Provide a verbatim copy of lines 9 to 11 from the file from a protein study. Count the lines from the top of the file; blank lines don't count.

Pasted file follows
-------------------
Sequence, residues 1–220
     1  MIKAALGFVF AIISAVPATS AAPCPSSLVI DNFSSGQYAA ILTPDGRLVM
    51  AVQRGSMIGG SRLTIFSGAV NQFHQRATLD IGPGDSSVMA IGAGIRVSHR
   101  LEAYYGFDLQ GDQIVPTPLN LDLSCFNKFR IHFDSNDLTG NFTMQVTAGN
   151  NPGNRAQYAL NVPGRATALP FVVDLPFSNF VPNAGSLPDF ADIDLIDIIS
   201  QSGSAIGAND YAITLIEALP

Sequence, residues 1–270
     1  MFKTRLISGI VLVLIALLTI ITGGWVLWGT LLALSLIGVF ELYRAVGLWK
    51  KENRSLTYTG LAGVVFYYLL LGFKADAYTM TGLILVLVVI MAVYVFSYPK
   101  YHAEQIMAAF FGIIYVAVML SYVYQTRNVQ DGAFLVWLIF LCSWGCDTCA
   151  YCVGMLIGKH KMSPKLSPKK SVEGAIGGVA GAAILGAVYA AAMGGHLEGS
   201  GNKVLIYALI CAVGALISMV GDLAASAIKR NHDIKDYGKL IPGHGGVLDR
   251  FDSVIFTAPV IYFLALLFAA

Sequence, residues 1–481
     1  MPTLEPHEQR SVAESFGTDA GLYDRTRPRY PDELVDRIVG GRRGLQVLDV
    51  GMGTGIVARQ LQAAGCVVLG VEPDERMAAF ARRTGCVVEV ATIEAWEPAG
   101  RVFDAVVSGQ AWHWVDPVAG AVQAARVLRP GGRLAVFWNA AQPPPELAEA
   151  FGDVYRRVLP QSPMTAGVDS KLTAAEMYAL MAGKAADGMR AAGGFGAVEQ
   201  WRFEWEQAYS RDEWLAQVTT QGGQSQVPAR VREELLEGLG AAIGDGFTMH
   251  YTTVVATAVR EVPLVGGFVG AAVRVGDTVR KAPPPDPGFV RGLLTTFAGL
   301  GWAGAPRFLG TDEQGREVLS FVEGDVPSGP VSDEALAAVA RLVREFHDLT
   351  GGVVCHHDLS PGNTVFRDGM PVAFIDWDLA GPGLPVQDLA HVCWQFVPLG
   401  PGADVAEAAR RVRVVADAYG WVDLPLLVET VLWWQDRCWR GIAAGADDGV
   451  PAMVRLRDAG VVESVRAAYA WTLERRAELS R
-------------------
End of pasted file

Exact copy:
    51  KENRSLTYTG LAGVVFYYLL LGFKADAYTM TGLILVLVVI MAVYVFSYPK
   101  YHAEQIMAAF FGIIYVAVML SYVYQTRNVQ DGAFLVWLIF LCSWGCDTCA
   151  YCVGMLIGKH KMSPKLSPKK SVEGAIGGVA GAAILGAVYA AAMGGHLEGS